Restrictions on obtaining old Italian birth certificates?

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Poipuo4
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Restrictions on obtaining old Italian birth certificates?

Postby Poipuo4 » 05 Dec 2006, 14:25

A friend of mine in Italy found my grandmother's birth certificate but said that the law prevents him from obtaining a copy at the moment. The certificate is from 1901 and my grandmother has been dead for about 20 years. Would you happen to know what restrictions may prevent him from making a copy? Does the request for a copy have to be directly from a relative?

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Re: Restrictions on obtaining old Italian birth certificates

Postby ricbru » 05 Dec 2006, 16:27

Hello,
the italian law says that integral copy of civil record can be issued if the civil record is older than 70 years old, sometimes you have to push a littlebit with people working to the Ufficio Stato Civile.
Anyone can request the integral copy of civil record, in the request you have to write down why you are requesting it (exzple: genealogy, family tree, family history, ecc)
I hope it helps, bye Riccardo

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Re: Restrictions on obtaining old Italian birth certificates

Postby trevisan2 » 08 Dec 2006, 01:08

In Italy you can get birth, Marriage and death records from the Comune
( City Hall) for free from 1871 and later. Earlier that that you have to go to the parish level and have the priest certify one for you. I don't know about the rest of Italy, but this is how it is in the Veneto region. Some places were bombed during the war and may not exist.

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Researching in the provience of Treviso, Italy, Provaglio Sopra, Val Sabbia of Brescia.
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Re: Restrictions on obtaining old Italian birth certificates

Postby ricbru » 08 Dec 2006, 09:01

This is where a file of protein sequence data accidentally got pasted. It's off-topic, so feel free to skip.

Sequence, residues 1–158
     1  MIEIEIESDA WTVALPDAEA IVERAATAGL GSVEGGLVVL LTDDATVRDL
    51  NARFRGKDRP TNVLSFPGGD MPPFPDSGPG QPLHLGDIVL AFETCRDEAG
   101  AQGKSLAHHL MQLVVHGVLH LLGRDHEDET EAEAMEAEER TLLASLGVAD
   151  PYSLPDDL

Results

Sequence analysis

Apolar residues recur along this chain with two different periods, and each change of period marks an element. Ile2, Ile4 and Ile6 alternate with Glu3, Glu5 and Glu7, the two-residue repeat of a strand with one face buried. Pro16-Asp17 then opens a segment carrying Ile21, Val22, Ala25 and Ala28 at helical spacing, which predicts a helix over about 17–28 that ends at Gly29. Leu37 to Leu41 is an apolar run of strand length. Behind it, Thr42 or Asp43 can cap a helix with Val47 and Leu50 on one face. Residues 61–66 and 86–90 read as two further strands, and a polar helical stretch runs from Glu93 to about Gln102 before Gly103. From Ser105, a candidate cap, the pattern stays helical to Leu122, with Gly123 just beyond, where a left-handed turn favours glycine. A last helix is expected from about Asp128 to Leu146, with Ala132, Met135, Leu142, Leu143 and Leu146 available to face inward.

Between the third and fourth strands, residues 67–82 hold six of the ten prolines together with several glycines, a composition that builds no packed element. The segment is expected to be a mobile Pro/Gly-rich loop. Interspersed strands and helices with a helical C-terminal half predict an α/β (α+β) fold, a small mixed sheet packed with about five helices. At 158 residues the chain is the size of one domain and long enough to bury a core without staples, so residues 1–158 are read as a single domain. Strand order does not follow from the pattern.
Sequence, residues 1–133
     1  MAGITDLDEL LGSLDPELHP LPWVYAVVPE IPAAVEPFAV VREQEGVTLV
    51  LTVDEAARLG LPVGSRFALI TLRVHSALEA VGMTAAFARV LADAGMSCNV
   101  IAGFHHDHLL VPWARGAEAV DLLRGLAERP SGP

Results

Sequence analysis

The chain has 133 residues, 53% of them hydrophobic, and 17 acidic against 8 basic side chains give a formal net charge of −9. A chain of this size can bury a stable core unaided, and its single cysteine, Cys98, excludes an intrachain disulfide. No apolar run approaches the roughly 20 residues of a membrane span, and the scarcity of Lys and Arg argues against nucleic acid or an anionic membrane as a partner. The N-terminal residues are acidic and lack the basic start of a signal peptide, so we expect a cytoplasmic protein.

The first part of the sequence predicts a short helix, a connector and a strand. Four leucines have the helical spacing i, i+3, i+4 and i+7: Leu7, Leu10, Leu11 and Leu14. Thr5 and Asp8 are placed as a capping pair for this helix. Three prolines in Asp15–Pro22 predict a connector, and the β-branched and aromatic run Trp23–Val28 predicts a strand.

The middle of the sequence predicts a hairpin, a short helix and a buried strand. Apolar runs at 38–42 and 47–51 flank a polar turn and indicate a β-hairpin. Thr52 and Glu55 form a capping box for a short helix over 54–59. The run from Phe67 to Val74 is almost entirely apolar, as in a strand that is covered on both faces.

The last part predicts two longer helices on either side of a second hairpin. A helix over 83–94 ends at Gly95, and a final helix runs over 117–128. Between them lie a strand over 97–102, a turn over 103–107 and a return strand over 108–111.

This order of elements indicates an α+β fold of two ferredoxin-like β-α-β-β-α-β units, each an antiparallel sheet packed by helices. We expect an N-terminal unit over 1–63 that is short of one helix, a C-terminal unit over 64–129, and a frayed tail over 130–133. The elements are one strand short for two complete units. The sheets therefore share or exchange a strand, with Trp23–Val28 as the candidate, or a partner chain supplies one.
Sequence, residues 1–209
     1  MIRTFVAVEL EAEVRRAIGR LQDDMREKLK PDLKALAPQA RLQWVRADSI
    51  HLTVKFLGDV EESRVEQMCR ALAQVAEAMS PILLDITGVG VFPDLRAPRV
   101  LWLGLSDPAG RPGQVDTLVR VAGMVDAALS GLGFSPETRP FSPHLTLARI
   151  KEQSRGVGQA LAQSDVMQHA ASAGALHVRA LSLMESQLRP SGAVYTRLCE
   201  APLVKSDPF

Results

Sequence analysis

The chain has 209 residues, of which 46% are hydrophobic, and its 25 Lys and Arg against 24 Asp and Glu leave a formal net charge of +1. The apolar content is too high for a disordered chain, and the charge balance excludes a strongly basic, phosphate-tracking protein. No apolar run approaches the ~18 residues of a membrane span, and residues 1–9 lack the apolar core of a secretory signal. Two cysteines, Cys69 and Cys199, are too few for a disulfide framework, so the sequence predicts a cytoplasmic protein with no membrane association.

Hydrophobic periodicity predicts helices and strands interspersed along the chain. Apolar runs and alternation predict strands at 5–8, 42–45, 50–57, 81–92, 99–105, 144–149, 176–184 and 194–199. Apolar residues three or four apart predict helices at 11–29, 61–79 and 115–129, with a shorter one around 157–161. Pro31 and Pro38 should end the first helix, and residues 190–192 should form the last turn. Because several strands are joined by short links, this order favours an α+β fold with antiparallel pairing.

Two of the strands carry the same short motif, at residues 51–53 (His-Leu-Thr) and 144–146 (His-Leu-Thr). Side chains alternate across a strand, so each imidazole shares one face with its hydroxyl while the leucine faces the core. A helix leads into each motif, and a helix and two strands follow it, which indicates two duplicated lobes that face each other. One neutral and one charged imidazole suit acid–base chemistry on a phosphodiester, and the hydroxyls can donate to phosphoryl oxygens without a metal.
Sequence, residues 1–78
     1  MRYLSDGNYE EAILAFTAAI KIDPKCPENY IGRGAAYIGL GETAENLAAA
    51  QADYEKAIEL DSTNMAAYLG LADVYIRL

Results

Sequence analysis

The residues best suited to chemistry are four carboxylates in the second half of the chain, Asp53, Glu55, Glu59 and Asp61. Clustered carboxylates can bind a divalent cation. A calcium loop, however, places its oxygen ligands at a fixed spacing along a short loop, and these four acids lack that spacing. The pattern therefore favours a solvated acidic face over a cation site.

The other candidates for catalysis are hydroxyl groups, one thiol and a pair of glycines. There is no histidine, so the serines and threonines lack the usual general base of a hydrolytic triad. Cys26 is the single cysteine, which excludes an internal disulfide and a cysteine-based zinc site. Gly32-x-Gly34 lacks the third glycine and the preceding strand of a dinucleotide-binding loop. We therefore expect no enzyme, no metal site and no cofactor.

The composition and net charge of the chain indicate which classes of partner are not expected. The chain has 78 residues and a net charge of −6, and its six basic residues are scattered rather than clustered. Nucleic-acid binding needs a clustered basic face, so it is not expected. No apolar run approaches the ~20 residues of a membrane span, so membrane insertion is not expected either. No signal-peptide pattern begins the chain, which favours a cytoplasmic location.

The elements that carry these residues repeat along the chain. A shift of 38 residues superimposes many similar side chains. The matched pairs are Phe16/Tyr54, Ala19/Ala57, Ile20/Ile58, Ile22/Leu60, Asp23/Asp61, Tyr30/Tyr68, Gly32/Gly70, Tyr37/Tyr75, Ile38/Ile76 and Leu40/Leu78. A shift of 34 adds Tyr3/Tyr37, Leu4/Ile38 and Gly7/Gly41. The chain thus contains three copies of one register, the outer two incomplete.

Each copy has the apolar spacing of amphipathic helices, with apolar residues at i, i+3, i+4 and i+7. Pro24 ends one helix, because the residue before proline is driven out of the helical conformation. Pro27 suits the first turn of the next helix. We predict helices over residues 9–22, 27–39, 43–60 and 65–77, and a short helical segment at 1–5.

The State of Italy was until 1860, made of many different little states inside his boot, like Kingdom of Two Sicilies, Kingdom of Lombardy-Veneto and so forth.
In the Kingdom of Two Sicilies the office of Stato Civile (civil records office) starts between 1809 and 1820.
In some other region, like in the North between 1861 and 1871.
In the region of Trentino Alto Adige, that belonged to Austrian-Hungarian Empire until 1918 - the end of WWI - Ufficio Stato Civile starts on 1923.
All the record before Ufficio di Stato civile are kepth in the churches.
The law about Stato Civile comes out after the unification of Italy, on 1865. The law says that in the Stato civile there are 2 books for every year about birth, marriage and death.
The second book of civil record goes, at the end of the year to the Court, and after 70 years it goes to the Archivio di Stato (State Archive).
The books kept to the Court house can not be used for the research, as the italian law says.
Those books microfilmed by LDS are kept to Archivio di Stato.
Anyone can go to any Ufficio di Stato Civile to request a civil certificate or integral copy of civil record (only if civil record is older than 70 years ago, it means you can have integral copy of civil records before 1936. In your request written in Italian you should write the reason why you want the record or certificate, for genealogy research or for family tree or for famly history,etc.)
Anyone can go to Archivio di Stato to request only integral copy of civil record (Archivio di Stato doesn't make any certificate because it is not a Vital Statistics office, but it just keeps the records for who want to make the research).
Integral copy of civil record are not worth to apply for Italian Dual citizenship
Sometimes Ufficio di Stato civile and/or Archivio di Stato don't have all the records because lost, destroyed from fire or flood, or for bombing during WWII
I hope it helps, bye Riccardo :lol:

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Re: Restrictions on obtaining old Italian birth certificates

Postby Poipuo4 » 08 Dec 2006, 14:51

Thank you for all of that great information! When I was in Italy, I gave my friend a copy of the birth certificate that my grandmother brought with her from Italy (she emmigrated in 1909 and was born in 1901). I am so lucky she saved things! It was a copy for immigration purposes, as opposed to the document that registered her birth. My friend was looking in the archives of the town hall of the village where my grandmother was born (in Paduli di Benevento).

Because I am new at this, I don't understand all the terminology yet. He was trying to get a copy of the original birth certificate on parchment as a family keepsake for us. What does an integral copy mean? Is that a copy of the original. Sorry for my lack of knowledge in this area.

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Re: Restrictions on obtaining old Italian birth certificates

Postby ricbru » 08 Dec 2006, 15:13

Yes, an integral copy of civil record is a photocopy from the original.
A certificate, is a document stating the most important facts written in the record.
I hope it helps, bye Riccardo


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